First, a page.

I have just started reading a book on political hypocrisy. It has started rather well but I haven't got to the point yet. You see, the back cover promises that, by the time I get there, the book will have explained why hypocrisy is not as bad as it is usually painted. It is an honourable part of liberal democratic tradition, apparently. I hope that is right because, otherwise, I've just wasted a lot of time reading about Thomas Hobbes. But I bet Julian Assange is even keener than I am to learn that hypocrisy has its plus points.
One of my favourite moments of the last year in politics (a year with quite a lot of high points) came when Mr Assange was granted bail in London over Swedish sex allegations. Lawyers for the founder of Wikileaks then applied - get this - for his bail address to be kept secret. The defence made for this hypocrisy - that he was concerned about his security - was laughably bad. He'd have cut more ice explaining about Thomas Hobbes, I reckon.
What the bail address incident shows is that, while Mr Assange and his allies cite freedom of information as their cause, it isn't really. They are as interested in data security as the next person. Their cause is to undermine US foreign policy. A quick look at the people backing him is enough to demonstrate that.
And freedom of information was not the cause motivating the leak of the Palestinian papers so brilliantly analysed by the JC's correspondents last week. The desire for a scoop was involved, clearly, but those behind the leak were obviously hoping also to undermine Fatah moderates.
Yet the motivation behind both these leaks isn't what is important about them. Nor the content. Nor the character of the people involved. What is important is the fact of them.
The ability to publicise secret data did not exist 15 years ago
A couple of years ago, I gave a talk to a group of Tory MPs and peers about the implications of the data revolution for political parties. I explained how distributed data processing would strengthen independents and undermine party discipline. One peer - someone who had served in one of the highest Government offices - furrowed his brow as I spoke. This, he said, would be a very bad development. It would undermine the ability of Governments to make laws. It would be hard to govern if I was right.
I acknowledged his point. And then I explained that it didn't really matter whether he was correct or not. The consequence of the data revolution would be felt whether it was good or bad.
The dispersal of the ability to access and process information has changed power relations irreversibly. The most obvious recent example of this was the MPs' expenses story. The ability to obtain the secret data and to crawl all over it simply didn't exist 15 years ago. It has changed entirely the relations between MPs and those who elect them.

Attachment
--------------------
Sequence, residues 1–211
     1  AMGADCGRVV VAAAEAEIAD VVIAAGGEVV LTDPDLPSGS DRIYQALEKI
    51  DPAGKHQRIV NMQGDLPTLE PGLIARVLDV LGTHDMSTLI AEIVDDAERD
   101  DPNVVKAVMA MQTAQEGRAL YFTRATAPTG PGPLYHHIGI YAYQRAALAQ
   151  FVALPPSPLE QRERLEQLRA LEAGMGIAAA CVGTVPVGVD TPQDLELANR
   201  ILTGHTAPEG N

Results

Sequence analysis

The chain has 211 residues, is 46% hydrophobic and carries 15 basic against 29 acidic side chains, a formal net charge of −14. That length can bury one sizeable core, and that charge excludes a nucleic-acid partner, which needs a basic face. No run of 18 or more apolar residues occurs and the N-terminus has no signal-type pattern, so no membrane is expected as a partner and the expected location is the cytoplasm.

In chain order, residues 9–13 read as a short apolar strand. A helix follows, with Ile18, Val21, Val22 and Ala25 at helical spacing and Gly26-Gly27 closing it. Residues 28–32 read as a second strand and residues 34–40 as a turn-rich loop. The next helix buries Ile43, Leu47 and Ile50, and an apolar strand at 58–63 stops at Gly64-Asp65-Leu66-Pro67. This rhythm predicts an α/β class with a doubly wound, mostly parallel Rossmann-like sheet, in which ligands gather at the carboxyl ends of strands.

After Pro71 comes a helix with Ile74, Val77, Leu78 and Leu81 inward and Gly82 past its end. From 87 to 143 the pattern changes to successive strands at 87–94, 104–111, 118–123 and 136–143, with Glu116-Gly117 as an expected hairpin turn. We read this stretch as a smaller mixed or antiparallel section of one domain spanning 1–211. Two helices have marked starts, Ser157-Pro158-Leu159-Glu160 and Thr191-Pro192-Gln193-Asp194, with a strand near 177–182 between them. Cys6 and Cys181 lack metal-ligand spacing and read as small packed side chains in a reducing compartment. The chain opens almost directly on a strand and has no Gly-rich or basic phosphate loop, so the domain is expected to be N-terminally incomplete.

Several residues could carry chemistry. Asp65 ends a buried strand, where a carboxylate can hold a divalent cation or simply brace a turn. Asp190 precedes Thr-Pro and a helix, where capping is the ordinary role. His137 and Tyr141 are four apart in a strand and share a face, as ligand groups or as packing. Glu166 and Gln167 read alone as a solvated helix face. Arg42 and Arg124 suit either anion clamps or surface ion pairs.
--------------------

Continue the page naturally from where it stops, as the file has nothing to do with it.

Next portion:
So whether or not we like Wikileaks or the Palestinian leaks, and leaks similar to them, and think they should have happened isn't really that important. They are going to happen whether we like them or not. Their transformative power isn't dependent upon our approval.
But, oddly, this is precisely why we should take heart from the Wikileaks and Palestinian papers saga. On the surface, we see people who wish to undermine moderate foreign policy, yet underneath it is a development that strongly favours liberal democracy and peace. And therefore favours Israel and Jews.
The data revolution has two big impacts, both of them positive. The first, as we are now witnessing in Tunisia and in Egypt, is to make authoritarian government very hard. It is not impossible, of course, as Iran shows, and as China shows and as developments in Egypt may well show. But, in the end, the fact that it is hard for governments to control information makes it hard for governments to control people. If you believe, as I do, that authoritarianism is the enemy of Jews everywhere, then this is obviously welcome.
The second impact of the data revolution is to make strangers seem, well, less strange. The basic impulse of human beings is to snuggle close to the insider and hate the outsider. The information revolution stretches our network of contacts all over the world. It makes us - on the whole, and not in the comments section of individual websites, I grant - feel peaceful feelings towards those we might otherwise wish to fight.
The Palestinian papers weren't leaked by people who wanted to advance peace. Their contents don't advance peace either. But one day we may see them as a brick on the road to peace, nonetheless.
Daniel Finkelstein is Executive Editor of 'The Times'